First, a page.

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Discussion in 'Alpine & Southern' started by SnowYeti, Mar 16, 2007.
It's the cycle thing.
Everything runs its turn.
It's Nasi Goreng and all those rabbits.
Its because the sun is expanding and the earth is moving closer to it.
I blame "dem imigants" and lefties. Everything's their fault...
Fresh Tracks, what makes you think its a cycle? Honest question.
I just spoke with my girlfriend in Park City and she said that its been up to 70 degrees in her lingo. I converted that and its over 20 degrees .......
I looked at the Deer Valley website and it was close to that today and warmer tomorrow.
Carveman can you confirm? Thats dam hot. They should make some deer valley ski school boardies if thats the case I was instructing in a polo shirt for a week or so during my short season and I think it was just pushing 50F.
I should probably post this in weather, but someone sent me this today and it got me thinking about the coming winter season's possibilities and also this thread:
I wonder if rabbit makes good rendang to go with the nasi goreng...
I think this should be in Weather too.
We are constantly finding new data to add to the complexitites of weather and climate!!!
"DROUGHT-BREAKING rains across eastern Australia have been predicted in new modelling by a scientist who believes massive pulses in the sun's magnetic field are helping to drive the Earth's climate systems.
If proven, the research will make the prediction of floods and droughts in Australia far more reliable and influence models projecting future climate change.
Robert Baker, from the University of New England, claims to have found a strong relationship between the rhythmic pulsing of the sun's magnetic field and weather systems, particularly in the southern hemisphere. "
Very interesting, if correct!!!
Hmm, i wonder exactly how the sun's magnetic field can influence the weather systems on Earth?
Something to do with the way the the fields affect how charged particles move? What about earth's own magnetic field?
Sandy, given that water in all it's forms has no charge, I'd say this is evidence of a scientist including 'climate change' in the title to get funding. Nothing wrong with that but don't jump to the wrong conclusions. I'm happy to entertain new ideas but for heavens sake!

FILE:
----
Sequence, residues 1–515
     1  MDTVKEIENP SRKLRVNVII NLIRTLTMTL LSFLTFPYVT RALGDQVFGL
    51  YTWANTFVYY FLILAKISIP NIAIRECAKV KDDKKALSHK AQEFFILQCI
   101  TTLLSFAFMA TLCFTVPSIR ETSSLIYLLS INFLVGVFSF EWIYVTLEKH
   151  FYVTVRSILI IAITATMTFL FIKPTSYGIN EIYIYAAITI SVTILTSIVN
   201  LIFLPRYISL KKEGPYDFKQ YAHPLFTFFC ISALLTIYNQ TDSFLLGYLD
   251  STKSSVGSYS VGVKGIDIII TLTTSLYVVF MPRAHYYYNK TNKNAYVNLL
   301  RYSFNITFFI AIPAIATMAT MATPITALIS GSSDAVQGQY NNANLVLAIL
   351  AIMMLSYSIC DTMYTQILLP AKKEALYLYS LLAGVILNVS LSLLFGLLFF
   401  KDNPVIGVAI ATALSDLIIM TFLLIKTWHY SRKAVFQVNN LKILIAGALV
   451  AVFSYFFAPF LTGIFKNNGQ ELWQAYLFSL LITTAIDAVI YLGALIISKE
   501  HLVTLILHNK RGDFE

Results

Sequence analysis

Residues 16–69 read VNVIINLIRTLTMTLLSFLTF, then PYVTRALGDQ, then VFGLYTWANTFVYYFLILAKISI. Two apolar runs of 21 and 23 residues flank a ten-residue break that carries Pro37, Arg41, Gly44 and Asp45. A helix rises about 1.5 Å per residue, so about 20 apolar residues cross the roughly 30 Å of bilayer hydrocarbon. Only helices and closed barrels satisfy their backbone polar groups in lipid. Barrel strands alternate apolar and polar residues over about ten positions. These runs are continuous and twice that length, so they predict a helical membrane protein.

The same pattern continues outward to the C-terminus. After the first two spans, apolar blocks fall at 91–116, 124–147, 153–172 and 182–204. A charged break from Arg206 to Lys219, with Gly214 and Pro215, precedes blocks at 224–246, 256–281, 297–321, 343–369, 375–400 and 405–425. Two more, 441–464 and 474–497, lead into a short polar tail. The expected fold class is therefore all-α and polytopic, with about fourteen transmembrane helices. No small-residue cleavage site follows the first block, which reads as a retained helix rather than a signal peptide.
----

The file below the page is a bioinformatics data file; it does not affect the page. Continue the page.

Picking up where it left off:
Don't be too quick to dismiss anything, is my general thinking.
We already know that the sun's magnetic field can have a significant impact on the earth (look up the current Dst Index or the ACE Real Time Solar Wind data for obvious examples; increased atmospheric drag, changes in the composition of the atmosphere due to H/N/O loss in magnetic storms, etc). The research isn't suggesting that it directly influences water in some way, it's simply saying that the magnetic fields can produce an effect on our weather systems.
Given that the sun is the major "energy input" for the earth and the weather systems, and given that the sun has cycles (such as the its 11 year solar cycle and the associated changes in energy output) and other processes that aren't well understood, it's entirely reasonable to suggest there's more work that needs to be done regarding what influence the sun's magnetic field has on the planet (which is exactly what the researcher says in the article). The research has a lot of existing foundations - it's not just an idea that has been plucked from nowhere without basis.
This publication discusses related effects if you have time to read it:
(click the GET button next to "Get low/high resolution PDF image" to view the entire article as a PDF)
It's fascinating stuff!
I don't dismiss anything without more than a seconds thought. There are ways it could possibly affect weather but the conditions would have to be right - eg cloud condensing nucleii (CCN) could be affected by magnetism (I'm not sure). But that is an issue that affects the weather as an indirect effect of magnetism that requires other factors to be in place - ie magnetism is not the cause but it is the possible effect it has on other factors that might contribute.
1. What are the differences between the equator and the poles and the strength of the suns magnetic field. How does this affect rainfall closer to the equator?
2. Is the magnetic effect of the sun limited to the solar wind and cosmic radiation - thus having no direct effect on our weather.
3. What about the changes in levels of pollutants that were much higher before the 70's that acted as CCN.
4. Is this theory just another variant of the one put forward by Svensmark, Singer and Avery - and many others?
The sun is by far the largest driver of our climate - I have no argument with that. Many of the theories by the authors above may be onto something but the important links still haven't been made IMHO that would change my view. The data just doesn't back it up yet.
This makes sense and goes a lot further to explaining it rationally.
wow, im sitting at my place in whistler and still looking at some huge snowbanks out the window...